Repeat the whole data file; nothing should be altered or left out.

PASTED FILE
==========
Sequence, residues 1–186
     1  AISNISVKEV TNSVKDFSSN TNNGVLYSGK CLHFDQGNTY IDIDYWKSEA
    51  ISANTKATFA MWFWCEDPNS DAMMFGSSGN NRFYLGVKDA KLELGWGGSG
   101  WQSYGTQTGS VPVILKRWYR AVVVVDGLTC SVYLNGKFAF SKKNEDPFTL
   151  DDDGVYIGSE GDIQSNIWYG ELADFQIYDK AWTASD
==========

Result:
Sequence, residues 1–186
     1  AISNISVKEV TNSVKDFSSN TNNGVLYSGK CLHFDQGNTY IDIDYWKSEA
    51  ISANTKATFA MWFWCEDPNS DAMMFGSSGN NRFYLGVKDA KLELGWGGSG
   101  WQSYGTQTGS VPVILKRWYR AVVVVDGLTC SVYLNGKFAF SKKNEDPFTL
   151  DDDGVYIGSE GDIQSNIWYG ELADFQIYDK AWTASD